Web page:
All landlords of HMOs in England and Wales – as well as other forms of short assured tenancies (ASTs) - are required to register their tenants’ deposits in a government-approved scheme.
This has been the case for a number of years now and it’s been designed to protect both the landlord and the tenant following some lengthy and expensive court cases – not to mention unsavoury practices amongst landlords and unhappy tenants.
In an ideal situation (which is why the law was introduced) the tenant receives their deposit back once the tenancy has ended and both parties are happy with the duration of the tenancy and the condition of the property. This should be within 10 days.
Here at Property Go To Girl something we get asked a lot by prospective landlords and those interested in the buy to let market (whether for an HMO in Oxford or a straightforward one/two bedroom let) is whether it makes more sense to furnish a flat or leave it in all its naked glory with just bare wells and floorboards so that the tenant can put their own mark/s on it.
Last week in the Property Go-To Girl blog we discussed what was involved in applying for and getting an HMO license. This week we're looking at a different piece of legislation which could relate to HMOs - an Article 4 Direction.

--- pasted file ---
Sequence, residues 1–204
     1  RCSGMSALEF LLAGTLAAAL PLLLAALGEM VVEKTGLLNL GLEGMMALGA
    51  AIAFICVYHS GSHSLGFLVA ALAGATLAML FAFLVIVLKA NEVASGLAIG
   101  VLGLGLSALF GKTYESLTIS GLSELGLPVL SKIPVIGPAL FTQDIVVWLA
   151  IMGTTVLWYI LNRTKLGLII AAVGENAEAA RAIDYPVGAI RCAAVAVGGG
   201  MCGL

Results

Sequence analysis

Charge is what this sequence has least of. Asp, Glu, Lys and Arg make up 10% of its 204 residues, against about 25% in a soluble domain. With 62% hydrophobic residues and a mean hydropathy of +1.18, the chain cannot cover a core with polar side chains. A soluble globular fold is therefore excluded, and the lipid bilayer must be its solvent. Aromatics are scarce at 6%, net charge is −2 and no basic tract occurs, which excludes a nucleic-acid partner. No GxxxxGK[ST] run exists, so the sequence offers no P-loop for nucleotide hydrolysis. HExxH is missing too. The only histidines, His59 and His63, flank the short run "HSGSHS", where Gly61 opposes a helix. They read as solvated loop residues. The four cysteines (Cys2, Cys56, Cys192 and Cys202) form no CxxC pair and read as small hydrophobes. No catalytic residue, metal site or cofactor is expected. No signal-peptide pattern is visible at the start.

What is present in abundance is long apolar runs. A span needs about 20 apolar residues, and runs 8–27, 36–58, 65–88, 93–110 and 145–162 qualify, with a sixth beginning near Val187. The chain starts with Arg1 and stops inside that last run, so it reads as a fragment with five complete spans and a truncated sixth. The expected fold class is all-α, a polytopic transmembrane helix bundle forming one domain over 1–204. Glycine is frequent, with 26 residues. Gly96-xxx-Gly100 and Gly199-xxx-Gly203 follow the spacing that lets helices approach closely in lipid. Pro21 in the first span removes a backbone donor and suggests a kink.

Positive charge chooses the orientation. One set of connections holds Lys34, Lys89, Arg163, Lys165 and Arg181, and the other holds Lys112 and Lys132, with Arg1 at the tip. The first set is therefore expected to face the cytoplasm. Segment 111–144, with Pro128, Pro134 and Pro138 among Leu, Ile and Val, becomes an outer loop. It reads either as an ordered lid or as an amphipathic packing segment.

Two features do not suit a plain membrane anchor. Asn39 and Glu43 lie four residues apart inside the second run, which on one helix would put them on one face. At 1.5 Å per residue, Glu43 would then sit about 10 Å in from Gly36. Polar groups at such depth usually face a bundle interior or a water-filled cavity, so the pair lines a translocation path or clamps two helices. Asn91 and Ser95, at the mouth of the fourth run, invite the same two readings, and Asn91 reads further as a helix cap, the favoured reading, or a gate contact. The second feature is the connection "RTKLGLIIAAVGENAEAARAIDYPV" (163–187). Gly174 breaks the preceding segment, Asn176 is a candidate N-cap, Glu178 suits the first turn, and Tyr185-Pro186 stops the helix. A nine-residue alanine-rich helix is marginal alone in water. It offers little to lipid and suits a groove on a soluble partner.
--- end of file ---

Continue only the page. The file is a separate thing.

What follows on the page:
What is an Article 4 Direction?
This piece of legislation was introduced towards the end of 2010 in essence to allow local authorities to 'protect the character of a Conservation Area or the visual amenities of other areas'. In terms of HMOs it means restricting the number of shared housing in a particular locale (presumably to cut back on the number of students or young people living there and encourage families instead in an effort to cut back on perceived social housing difficulties). Some local authorities allow only 10 per cent of housing in a particular area to be classed as HMOs.
HMO in property circles is an abbreviation for the words House in Multiple Occupation. It's pretty self-explanatory in the sense that it's for a house or apartment which is rented out to more than one tenant (in fact a minimum of three). An HMO licence is necessary if this is the case.
This licence is a piece of paper (or electronic document) which states that the house is habitable ie. it passes health and safety guidelines in terms of there being a fire plan, it has adequate facilities and complies with other local authority stipulations for HMO status. Indeed it's your local authority that administers the licence and each local authority may have slightly different qualifications so it's worth checking locally rather than going on to a national website for clarification.
I'm Jacquie the Property Go-To Girl. I am passionate about property. I love to help people make the most out of their property investments!